By Zoe Yabrove
By Bree Davies
By Byron Graham
By Susan Froyd
By Josiah M. Hesse
By Bree Davies
By Susan Froyd
By Kate Gibbons
At the start, Hedwig and the Angry Inch seems like a hipper, wilder, more raucous and contemporary variation on a theme that's been around since Lanford Wilson's The Madness of Lady Bright in the '60s: the loneliness and ultimate psychic disintegration of a gay diva. But the show soon sets out its own markers and expresses its own worldview. Author John Cameron Mitchell — son of an intensely religious military family from Colorado Springs — has significant things to say about love and violation, loneliness and loss, and the ineffable yearning most of us feel for the half-known, half-sensed thing we believe will complete us.
What you get is an hour and a half of speech and rock song so seamlessly woven together that, looking back, you're not sure exactly what was spoken and what was sung. The framework is provided by "The Origin of Love," a song that evokes Plato's vision of how sexual congress began. Once the world was filled with twinned creatures, both parts male, both female and androgynous, but they were severed by Zeus. Now, bloodied and butchered, these half-creatures search the world for their lost partners. Hedwig began as Hansel, born in East Berlin to a GI father and a German mother, a lost boy who gave blow jobs to soldiers for candy and attention and was eventually seduced by the tawdry glamour of the West: the scent from a McDonald's on the other side of the wall, the sweet, soft chewiness of American gummy bears. When a GI called Luther wanted to marry him and bring him to the United States, Hansel's mother lent the boy her name and passport and arranged for a sex-change operation. But the operation was botched, and Hansel, now Hedwig and literally bloodied and butchered, was left with an inch-long stub, neither fully male nor fully female. A year later — ironically, on the day the Berlin Wall fell — Luther left Hedwig alone in their trailer in Kansas. She eventually seduced the teenage son of a fundamentalist Christian military family and came to love him. But he, too, abandoned her: Using the name she'd made up for him — Tommy Gnosis — and the songs she'd written, he became a rock star.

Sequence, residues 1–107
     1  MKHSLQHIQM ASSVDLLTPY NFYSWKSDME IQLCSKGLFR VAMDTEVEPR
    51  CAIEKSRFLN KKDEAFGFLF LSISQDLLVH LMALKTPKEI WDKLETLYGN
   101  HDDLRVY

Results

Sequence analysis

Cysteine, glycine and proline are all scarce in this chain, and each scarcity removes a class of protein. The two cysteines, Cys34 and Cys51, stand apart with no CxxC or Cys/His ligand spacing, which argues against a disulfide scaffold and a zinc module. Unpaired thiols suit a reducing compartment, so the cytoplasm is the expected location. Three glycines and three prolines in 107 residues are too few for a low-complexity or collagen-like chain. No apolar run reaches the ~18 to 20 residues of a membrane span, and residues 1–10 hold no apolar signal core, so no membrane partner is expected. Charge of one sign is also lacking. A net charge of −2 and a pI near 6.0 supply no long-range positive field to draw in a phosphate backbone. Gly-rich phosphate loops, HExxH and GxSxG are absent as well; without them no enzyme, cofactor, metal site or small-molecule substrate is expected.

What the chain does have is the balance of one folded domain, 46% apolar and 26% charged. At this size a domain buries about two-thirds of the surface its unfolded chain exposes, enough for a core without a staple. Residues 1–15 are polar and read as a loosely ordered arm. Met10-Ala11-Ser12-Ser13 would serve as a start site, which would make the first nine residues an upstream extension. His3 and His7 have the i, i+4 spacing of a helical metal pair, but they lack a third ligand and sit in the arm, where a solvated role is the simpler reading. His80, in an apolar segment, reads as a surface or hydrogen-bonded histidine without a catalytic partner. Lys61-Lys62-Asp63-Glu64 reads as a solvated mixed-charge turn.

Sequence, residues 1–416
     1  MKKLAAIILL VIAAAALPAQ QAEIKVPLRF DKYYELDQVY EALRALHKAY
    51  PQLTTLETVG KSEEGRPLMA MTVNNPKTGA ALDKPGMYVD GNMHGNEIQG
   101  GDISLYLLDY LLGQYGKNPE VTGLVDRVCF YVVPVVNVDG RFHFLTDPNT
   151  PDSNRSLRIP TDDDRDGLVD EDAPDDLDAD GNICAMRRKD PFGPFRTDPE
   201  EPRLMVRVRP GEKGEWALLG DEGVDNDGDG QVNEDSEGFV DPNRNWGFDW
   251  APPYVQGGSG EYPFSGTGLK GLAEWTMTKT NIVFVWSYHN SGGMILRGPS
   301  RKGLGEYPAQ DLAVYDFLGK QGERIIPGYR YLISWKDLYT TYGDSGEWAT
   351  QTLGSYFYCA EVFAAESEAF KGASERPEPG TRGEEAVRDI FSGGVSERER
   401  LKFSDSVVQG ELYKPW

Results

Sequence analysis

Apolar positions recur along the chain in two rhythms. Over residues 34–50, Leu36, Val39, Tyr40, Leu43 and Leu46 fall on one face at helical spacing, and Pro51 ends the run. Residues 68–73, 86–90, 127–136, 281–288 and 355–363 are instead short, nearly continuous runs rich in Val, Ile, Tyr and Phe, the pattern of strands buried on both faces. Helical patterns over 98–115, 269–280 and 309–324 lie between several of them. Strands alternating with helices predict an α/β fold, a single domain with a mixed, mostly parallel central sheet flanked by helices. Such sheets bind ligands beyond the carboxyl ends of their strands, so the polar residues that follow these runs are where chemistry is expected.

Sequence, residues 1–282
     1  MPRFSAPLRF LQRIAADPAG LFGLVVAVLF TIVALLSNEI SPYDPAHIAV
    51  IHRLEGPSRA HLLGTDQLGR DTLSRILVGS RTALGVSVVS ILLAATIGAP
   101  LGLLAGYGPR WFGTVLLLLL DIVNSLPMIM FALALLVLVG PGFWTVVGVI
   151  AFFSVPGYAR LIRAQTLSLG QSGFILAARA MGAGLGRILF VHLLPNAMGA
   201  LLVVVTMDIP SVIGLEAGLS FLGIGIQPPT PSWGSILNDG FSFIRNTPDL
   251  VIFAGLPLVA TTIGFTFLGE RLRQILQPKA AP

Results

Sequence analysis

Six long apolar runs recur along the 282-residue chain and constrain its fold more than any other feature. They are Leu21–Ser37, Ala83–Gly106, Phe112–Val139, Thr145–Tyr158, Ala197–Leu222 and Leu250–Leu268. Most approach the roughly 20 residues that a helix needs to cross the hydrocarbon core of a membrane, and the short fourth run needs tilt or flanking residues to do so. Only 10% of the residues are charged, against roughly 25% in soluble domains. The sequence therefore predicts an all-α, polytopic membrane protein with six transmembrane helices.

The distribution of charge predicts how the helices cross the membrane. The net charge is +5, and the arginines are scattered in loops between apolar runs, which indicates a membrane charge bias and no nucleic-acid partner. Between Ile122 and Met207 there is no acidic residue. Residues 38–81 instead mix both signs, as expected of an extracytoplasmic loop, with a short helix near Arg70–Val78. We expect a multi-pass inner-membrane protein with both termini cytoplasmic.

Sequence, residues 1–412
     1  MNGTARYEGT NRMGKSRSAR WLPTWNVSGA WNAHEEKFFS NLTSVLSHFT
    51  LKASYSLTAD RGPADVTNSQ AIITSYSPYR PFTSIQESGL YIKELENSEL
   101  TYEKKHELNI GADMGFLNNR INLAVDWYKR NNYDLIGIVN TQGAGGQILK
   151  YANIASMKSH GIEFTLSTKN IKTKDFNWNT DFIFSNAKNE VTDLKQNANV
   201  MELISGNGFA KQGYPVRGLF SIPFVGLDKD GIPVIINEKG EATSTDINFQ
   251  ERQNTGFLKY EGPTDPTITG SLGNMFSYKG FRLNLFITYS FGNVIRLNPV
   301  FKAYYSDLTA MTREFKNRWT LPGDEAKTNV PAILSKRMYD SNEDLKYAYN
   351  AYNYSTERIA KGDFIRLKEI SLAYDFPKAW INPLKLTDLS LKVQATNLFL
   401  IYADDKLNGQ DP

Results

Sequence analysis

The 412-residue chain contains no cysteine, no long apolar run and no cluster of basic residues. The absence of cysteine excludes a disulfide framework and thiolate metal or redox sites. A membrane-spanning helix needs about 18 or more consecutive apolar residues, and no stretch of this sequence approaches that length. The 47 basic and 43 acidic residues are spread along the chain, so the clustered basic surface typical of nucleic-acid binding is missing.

Now, while Hedwig performs at the Avenue Theater, backed by her band, the Angry Inch, and Yitzak, the ambiguously sexed person she refers to as her husband and whom she first met in Serbia performing under the name Crystal Nacht, Tommy Gnosis enjoys the noisy adulation of fans at the Pepsi Center. Periodically, Hedwig lets us hear the roars of applause from there, and they underline her exile, her profound loneliness. The reference to the Berlin Wall is in some ways a fairly straightforward metaphor for Hedwig's plight: She straddles countries and realities as well as gender. But, like the mention of Kristallnacht, it's more than that; it's a reminder of the casual brutality of a world where many children struggle for physical and emotional survival, begging, selling themselves, killing — whatever it takes — and those who fall outside certain social or economic boundaries endure lifetimes of bitter struggle.
The music, by Stephen Trask, is varied and exhilarating, the dialogue dark, smart and funny, and the Avenue production purely terrific: Amanda Earls as an alternately sulky and animated Yitzak; the band of Scott Smith, Austin Hein and John Olsson, led by David Nehls; Kevin Copenhaver's costumes. But everything rises and falls on the title role, and you don't want to miss Nick Sugar. He doesn't take to the Denver stage nearly often enough, but every one of his performances over the last ten years is firmly lodged in my memory, from the epicene emcee of Cabaret to his funny-forlorn Bat Boy. I knew the man could strut. I knew he could cross-dress. I knew he could hold an audience's unflinching attention for an entire evening, and at the end you still didn't want to let him go. But the role of Hedwig is the one he was born to play, allowing not only irony, satire, sexiness and self-possession, but the kind of emotion for which an actor reaches into the depths of his being. Yet Sugar manages to do the entire falling-apart-don't-belong-anywhere trope without a trace of self-pity. There's a toughness at the core of his Hedwig, even a kind of dignity. Which fits, because the show isn't just the long, lurid, dramatic fall I'd anticipated, but an affirmation as — at the end of a boundary-breaking evening — Hedwig and Yitzak finally discover their rightful forms and the audience rejoices with them.
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